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A few years ago our team embarked on a new way of introducing people at SAP and elsewhere about the power of BI through analyzing sports.  We had some great fun and tremendous success illustrating that deriving insight is not just reading stats, but understanding relationships and trends, and even anomalies within the data.  Some of you might recall the 2010 Football experience engaging viewers during the FIFA World Cup in South Africa, or the Major League Baseball or National Hockey League challenges of 2011, or perhaps Formula One Racing, SAP Open Tennis or Sailing 5O5 World Championships analysis we did along the way. For sports fans, it was just plain fun and a way to engage with the events of the season.  For business users, it became an easy conversation about the power of analytics and friendly access to information.  But for me, it was the ability to take multitudes of raw, shall I say bland, numeric data fed from spreadsheets or thousands of xml files and bring it to life to tell a story. 

In mid-2012 we changed focus to telling SAP HANA’s story.  How do we take technical information and mountains of details from product documentations and experimentation and bring it to life to tell the story?  For that, we borrowed from innovations in education and created the SAP HANA Academy. Our goal was to demystify SAP HANA and help people to understand the power of the technology and its eventual impact in changing the way we do business.  We wanted to provide ways for the user to engage more easily – through videos, interactive projects and in-person workshops.  This too has been wildly successful and proves the value of speaking to each other on a personal level, with interaction, feedback and blueprints to help each other be successful.

Through all the events and experiences, we have tried to think of the end user experience.  How would I do that?  What can I get from doing that?  Recently, we were asked to show real-time analysis using SAP HANA and SAP Lumira in the cloud to again illustrate how others might do the same. For this, we went back to the many requests we had from Cricket fans over the years and chose to analyze the India IPL Twenty20 matches this spring.  The intent was to provide some fun for the cricket fans first and foremost while providing the blueprints of how they might do something similar for their business or hobby or local team.  The concept is the same – gather data, transform it as needed, model it and create views, then display it for end users in an insightful and engaging way.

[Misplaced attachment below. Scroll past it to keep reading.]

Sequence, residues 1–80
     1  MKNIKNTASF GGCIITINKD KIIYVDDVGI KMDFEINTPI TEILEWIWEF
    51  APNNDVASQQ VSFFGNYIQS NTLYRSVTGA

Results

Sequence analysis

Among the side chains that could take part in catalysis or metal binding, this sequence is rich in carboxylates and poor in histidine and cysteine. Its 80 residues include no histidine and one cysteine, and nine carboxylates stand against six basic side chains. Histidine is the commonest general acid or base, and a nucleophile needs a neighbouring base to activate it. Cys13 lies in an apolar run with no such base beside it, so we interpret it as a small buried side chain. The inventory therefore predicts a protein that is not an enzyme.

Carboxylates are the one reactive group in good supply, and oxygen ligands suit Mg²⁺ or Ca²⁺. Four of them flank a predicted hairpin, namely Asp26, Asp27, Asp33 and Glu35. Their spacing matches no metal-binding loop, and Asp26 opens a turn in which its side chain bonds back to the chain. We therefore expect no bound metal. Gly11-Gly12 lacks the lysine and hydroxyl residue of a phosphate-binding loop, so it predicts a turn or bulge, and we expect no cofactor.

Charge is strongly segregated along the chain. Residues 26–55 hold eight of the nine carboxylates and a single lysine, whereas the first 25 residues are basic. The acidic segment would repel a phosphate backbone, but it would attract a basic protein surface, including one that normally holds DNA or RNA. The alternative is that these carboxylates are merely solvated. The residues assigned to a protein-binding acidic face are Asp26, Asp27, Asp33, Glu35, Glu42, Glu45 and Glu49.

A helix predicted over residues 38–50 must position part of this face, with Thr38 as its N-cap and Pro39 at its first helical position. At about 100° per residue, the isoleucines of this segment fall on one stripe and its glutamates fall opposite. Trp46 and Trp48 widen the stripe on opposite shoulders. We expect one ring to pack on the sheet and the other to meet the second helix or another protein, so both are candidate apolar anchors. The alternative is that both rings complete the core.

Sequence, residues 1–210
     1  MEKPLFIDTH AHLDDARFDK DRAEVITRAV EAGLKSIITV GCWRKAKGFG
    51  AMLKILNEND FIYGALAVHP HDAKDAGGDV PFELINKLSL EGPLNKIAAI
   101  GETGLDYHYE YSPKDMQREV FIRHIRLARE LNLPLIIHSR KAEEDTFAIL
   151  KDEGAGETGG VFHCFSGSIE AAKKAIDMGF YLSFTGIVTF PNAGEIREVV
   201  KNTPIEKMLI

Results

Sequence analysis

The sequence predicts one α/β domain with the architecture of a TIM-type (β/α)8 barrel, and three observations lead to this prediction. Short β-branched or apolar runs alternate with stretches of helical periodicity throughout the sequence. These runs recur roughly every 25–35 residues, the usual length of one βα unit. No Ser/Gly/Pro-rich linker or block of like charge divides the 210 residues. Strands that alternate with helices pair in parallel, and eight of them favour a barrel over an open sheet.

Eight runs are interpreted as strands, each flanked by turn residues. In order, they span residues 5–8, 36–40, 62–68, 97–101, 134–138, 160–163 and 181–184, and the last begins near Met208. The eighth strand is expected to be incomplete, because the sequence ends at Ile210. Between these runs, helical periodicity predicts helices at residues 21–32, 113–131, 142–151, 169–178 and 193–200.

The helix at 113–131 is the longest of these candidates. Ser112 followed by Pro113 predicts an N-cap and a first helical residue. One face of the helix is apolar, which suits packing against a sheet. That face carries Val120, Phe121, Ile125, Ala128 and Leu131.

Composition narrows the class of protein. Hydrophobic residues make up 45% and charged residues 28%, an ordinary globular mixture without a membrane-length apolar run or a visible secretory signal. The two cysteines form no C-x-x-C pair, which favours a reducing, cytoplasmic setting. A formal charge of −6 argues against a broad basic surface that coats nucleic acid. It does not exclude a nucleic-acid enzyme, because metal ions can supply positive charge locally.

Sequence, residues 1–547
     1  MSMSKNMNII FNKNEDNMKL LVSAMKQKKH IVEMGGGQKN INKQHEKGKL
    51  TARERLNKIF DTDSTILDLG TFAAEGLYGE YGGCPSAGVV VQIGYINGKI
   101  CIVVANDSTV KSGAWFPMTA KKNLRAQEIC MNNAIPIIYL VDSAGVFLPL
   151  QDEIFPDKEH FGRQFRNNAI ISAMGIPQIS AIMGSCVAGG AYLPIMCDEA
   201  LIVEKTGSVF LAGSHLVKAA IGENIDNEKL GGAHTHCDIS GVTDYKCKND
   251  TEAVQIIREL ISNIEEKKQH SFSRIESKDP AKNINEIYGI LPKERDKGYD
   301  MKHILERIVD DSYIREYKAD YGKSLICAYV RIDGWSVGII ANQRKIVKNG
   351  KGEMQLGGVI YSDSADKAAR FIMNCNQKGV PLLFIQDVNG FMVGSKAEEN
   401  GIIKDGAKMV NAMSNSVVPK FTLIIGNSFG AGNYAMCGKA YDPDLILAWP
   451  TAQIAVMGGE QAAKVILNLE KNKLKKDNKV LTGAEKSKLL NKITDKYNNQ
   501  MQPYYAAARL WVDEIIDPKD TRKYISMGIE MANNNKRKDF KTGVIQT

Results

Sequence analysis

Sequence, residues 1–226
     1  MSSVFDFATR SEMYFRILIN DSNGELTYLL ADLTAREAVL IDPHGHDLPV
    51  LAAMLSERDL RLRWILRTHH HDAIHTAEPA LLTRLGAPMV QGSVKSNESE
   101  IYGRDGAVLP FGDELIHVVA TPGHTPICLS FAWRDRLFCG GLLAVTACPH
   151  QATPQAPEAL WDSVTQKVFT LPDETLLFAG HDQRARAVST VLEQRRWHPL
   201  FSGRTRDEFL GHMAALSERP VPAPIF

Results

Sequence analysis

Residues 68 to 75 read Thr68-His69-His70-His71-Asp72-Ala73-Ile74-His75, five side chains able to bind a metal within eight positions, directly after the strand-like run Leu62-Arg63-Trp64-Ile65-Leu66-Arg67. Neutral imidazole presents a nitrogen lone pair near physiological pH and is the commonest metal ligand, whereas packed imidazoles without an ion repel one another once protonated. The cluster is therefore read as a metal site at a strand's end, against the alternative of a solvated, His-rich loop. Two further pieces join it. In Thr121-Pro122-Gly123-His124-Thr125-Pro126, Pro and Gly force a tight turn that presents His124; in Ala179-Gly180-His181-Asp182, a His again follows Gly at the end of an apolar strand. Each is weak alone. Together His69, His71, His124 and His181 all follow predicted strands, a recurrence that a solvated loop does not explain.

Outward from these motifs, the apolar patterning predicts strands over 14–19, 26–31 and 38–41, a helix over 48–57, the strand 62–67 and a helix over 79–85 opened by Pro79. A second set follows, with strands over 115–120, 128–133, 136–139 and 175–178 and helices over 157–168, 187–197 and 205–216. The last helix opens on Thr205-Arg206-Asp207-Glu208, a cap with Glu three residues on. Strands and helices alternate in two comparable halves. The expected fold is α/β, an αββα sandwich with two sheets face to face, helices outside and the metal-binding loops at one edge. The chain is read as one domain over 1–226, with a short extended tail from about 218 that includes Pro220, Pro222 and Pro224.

Along the way, we got so caught up in the enthusiasm of the analysis that we lost sight of the educational aspects of our role.  We are here for you and we have heard your feedback.   Our goal is to empower.  To do this, we will make a slight modification to our Cricket series in hopes of answering SCN member concerns while still serving the sports fans out there. The bulk of the detailed analysis of the game-by-game results will move to our SAP HANA Academy blog area of saphana.com.  The blogs for SCN will be a weekly recap of what interesting things transpired in the tournament but making sure to include the process from the eyes of the person building these analyses.  What did we do to load the data?  How did we have to transform it in SAP HANA? What were the steps or decisions made in creating the Calculation Views within SAP HANA?  Why did we choose a particular component in SAP Lumira to illustrate the key statistic we were analyzing?  How did we deploy these visualizations to share with people? 

In the end, we have two goals:  first, show you how you could do this same project with your data; and second, have some fun and let you learn something new.  Oh, and maybe we provide some kindling for conversation around the watercooler and kitchen tables as well…

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4 Comments

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  1. Fred Verheul

    Hi Julie,

    I’ve nothing to add to Tammy’s comment (so why am I even writing this??).

    Sounds like a very good plan, and I’m sure the ‘average’ Lumira or HANA enthusiast on SCN will love the background stories!

    Cheers, Fred

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  2. Audrey Stevenson

    Julie, this is a great example of the content-feedback loop on SCN and shows how putting the listening ears on can really help you fine-tune content so that it better meets the needs of the SCN audience(s). And this blog itself shows a great level of authenticity that we can see already resonates with some top SCN members. Thank you for being open to this conversation with them. It’s a great step in the right direction.

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  3. Marilyn Pratt

    Thank you Julie.  This is a great example of what Marcia Walker and I talked about during #FAILfaire ie: Accountability vs. Blame.

    I think owning an error is very powerful and a bit courageous. Fred Verheul and Tammy Powlas are both moderators that take time and considerable energy in steering this community ship in the right direction so I was delighted that they immediately found your blog post although it was posted originally in your personal blog space.

    And  I am so impressed with the way you totally “get” what we all work to do to distinguish this site from “yet another vendor site” and the education and knowledge exchange value proposition as contrasted to marketing messages.  We don’t always get it right and it’s important as   Audrey Stevenson mentions that our “listening ears” don’t become limited and tuned to just happy talk.

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